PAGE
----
The number of nursing posts in the health service has declined by almost 1,000 in just one month.
Between March and April, the number of nurses, midwives and health visitors fell by 956.
The number of full-time equivalent qualified nursing, midwifery and health visiting staff in the NHS in England now stands at 307,939, according to the latest data from the Health and Social Care Information Centre.
The figure is almost 3,000 fewer than when the coalition government took office in May 2010.
But the total headcount has fallen by more than 5,000.
The number of doctors working in hospitals and community settings also fell by 915 in the same month.
There were 101,045 full-time equivalent non-locum doctors in March, which fell to 100,131 in April.
But the number is still around 4,200 higher than when the coalition came to power three years ago.
The total number of full-time equivalent roles in the health service fell by 6,902 between March and April, when it stood at 1,036,571.
Shadow health secretary Andy Burnham said: “The NHS simply cannot continue to take nursing cuts on this scale and maintain standards of patient care. Job losses on this scale are dangerous.
“David Cameron likes to blame everyone else but these figures show he is ignoring warnings from Robert Francis and Bruce Keogh about the importance of safe staffing levels. This Prime Minister has given six-figure pay-offs to managers and P45s for nurses.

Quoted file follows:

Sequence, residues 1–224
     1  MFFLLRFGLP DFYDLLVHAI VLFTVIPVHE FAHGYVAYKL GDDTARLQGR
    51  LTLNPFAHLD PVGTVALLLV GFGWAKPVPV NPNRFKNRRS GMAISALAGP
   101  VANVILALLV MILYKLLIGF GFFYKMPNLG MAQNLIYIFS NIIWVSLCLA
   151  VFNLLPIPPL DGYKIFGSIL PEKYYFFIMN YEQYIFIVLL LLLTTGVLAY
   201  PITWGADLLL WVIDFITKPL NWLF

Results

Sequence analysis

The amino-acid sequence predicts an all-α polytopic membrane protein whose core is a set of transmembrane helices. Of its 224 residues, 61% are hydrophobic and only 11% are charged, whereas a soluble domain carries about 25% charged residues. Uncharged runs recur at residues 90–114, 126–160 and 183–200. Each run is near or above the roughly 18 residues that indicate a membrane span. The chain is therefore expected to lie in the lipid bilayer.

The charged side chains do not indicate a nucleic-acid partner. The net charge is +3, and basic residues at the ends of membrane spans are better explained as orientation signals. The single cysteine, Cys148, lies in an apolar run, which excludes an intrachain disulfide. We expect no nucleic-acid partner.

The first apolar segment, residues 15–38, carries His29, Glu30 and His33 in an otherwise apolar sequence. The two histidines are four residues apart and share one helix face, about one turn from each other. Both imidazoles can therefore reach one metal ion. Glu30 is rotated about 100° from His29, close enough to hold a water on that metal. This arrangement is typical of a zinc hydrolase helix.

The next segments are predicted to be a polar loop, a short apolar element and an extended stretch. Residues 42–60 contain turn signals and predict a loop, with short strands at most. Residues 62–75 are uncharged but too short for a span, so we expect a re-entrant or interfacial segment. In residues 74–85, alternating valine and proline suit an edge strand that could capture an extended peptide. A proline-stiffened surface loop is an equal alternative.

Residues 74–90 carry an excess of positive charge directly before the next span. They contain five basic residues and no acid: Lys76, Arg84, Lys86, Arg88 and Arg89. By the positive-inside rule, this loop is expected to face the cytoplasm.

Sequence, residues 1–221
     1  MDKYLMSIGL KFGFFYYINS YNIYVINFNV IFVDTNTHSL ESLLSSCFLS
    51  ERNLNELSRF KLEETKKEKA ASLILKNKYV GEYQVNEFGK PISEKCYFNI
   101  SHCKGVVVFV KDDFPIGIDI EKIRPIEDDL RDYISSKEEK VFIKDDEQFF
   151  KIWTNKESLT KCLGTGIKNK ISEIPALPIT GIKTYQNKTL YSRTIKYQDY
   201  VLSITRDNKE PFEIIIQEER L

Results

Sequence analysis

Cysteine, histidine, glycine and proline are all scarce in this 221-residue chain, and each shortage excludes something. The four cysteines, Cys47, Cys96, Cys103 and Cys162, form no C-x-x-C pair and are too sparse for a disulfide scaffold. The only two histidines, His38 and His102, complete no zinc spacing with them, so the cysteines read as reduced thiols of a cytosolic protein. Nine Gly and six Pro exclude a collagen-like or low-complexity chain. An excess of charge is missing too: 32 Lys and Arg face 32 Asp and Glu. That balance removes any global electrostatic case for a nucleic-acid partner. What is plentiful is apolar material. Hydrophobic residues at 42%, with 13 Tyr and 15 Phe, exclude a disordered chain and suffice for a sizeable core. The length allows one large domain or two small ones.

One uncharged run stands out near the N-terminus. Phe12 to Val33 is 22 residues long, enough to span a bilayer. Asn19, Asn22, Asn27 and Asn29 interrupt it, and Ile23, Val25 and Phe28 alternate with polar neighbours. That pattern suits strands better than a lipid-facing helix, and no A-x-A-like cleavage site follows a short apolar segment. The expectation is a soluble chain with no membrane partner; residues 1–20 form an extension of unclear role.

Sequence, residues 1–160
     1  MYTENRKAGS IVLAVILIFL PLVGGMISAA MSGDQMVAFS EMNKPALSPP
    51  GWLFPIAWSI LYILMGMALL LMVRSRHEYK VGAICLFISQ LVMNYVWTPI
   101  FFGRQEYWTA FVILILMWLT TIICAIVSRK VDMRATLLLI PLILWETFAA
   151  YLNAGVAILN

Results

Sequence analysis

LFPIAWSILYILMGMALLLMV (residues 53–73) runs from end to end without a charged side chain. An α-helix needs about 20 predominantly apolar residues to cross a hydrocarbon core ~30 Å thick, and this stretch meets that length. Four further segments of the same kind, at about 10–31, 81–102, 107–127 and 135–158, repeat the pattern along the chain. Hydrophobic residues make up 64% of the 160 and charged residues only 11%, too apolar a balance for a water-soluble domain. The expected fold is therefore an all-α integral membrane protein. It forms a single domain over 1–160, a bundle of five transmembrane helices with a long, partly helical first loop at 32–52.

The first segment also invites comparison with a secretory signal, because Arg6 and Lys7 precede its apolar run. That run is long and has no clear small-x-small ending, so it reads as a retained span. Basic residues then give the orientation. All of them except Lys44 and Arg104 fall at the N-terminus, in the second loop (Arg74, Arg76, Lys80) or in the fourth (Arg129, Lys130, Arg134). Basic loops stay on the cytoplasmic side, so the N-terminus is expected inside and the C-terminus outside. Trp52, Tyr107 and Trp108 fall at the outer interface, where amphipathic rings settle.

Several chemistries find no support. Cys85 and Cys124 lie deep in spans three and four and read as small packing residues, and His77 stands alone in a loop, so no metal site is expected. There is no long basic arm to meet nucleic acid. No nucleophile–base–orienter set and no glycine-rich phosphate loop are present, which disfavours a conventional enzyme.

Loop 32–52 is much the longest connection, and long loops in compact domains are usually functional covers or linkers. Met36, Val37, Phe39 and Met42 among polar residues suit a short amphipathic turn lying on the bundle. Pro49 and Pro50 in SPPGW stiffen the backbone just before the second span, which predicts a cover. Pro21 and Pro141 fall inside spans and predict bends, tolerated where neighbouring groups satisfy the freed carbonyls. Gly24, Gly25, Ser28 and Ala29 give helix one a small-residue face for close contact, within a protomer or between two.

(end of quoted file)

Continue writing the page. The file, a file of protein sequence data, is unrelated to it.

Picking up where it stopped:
“David Cameron must urgently intervene to ensure safe staffing levels in our hospitals.”
A Department of Health spokeswoman said there is often a small drop in workforce figures in April because many fixed-term contracts and other employment arrangements finish at the end of a financial year.
She said: “There are over 5,500 more clinical staff in the NHS since May 2010, while the number of admin staff, managers and senior managers has fallen by nearly 21,500.
“Hospitals themselves must decide how many and which staff they employ, and they must also publish details and evidence to show that numbers are right for the care needs of the patients that they look after.
“The new Chief Inspector of Hospitals will be able to take action if hospitals are found to be compromising patient care by not having the right number of staff on wards.”
Peter Carter, general secretary of the RCN, said: “Any decrease in the number of nursing staff is untenable and dangerous.
“Staffing levels directly correlate with standards of care and safety for patients.
“Recent examples highlighted by Bruce Keogh show that where nurse numbers are slashed, standards of care plummet. It’s impossible to give patients the highest quality of care, treatment and compassion they deserve without the right frontline resource and expertise on hand, round-the-clock.”
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